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Hamilton’s feat defies logic

Lewis Hamilton’s opponents will be left scratching their heads after watching him win his fifth world crown. After all, there is no logical explanation for it.

From an early age, elite athletes are regularly told to train, get their rest, shun the parties and the temptations all in favour of living a saint-like existence.

Yet, somehow and for some reason, that approach doesn’t work for Hamilton. In fact, the more jet-setting, glitz and glamorous lifestyle he leads, the better he becomes.

A case in point this season came at the Singapore Grand Prix, a track that his Mercedes team has historically struggled at.

Hamilton stepped off the plane having racked up a whopping 25,000 miles in the air flying from London to Shanghai, to London to New York, to London to Singapore. All to promote his fashion designs with Tommy Hilfiger.

While his peers had spent time in their teams’ simulators or training, Hamilton was on the red carpet with models. Yet he responded with a brilliant pole position on a Saturday and converted that into a victory on the Sunday.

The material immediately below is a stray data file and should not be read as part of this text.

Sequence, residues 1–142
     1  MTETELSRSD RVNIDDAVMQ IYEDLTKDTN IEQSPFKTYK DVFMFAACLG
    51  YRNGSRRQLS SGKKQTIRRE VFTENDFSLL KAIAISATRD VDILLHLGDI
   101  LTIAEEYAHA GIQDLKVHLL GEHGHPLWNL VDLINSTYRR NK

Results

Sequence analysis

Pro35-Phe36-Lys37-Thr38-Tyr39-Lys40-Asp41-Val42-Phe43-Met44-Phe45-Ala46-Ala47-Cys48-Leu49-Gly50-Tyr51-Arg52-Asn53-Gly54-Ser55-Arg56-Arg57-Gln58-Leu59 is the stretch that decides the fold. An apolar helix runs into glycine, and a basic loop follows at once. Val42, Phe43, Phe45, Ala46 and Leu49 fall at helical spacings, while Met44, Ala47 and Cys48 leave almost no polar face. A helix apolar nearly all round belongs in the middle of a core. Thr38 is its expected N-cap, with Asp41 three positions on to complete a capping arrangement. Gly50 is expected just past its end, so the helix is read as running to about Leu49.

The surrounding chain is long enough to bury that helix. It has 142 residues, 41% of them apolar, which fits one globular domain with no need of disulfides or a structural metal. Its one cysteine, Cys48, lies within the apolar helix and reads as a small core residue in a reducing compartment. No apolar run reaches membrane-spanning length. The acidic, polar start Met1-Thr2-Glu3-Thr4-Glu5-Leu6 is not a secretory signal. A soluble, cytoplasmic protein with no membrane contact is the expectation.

The fact is that Hamilton tried the conventional approach at McLaren as they attempted to shoe-horn him into the mould of a modern professional with little profile outside of F1 and certainly without a voice.

But at Mercedes he has been given freedom to do what he likes, within reason. He was told that he can follow his fashion career on the proviso that it does not impact his performances on track, only it does but in a positive way.

Now in his 12th season in F1, Hamilton says he still has the passion to keep competing at the highest level for victories. We know this to be true, for he has agreed a lucrative two-year contract extension with Mercedes.

Hamilton has flourished on track but in the last 20 months he has also developed off it. He has grown in confidence.

A case in point is his stance on social media. There are still a few mis-judgements, such as his comments about his nephew wanting to wear a princess dress, but that would be missing the point.

For the key example is the sheer fact he is willing to express his opinion. In this regard he is unlike many other modern athletes.

While many footballers’ Twitter account are full of the benign “we go again” or “good win for the lads”, mundane messages, Hamilton uses his social media to address matters which are important to him.   -THE SUN

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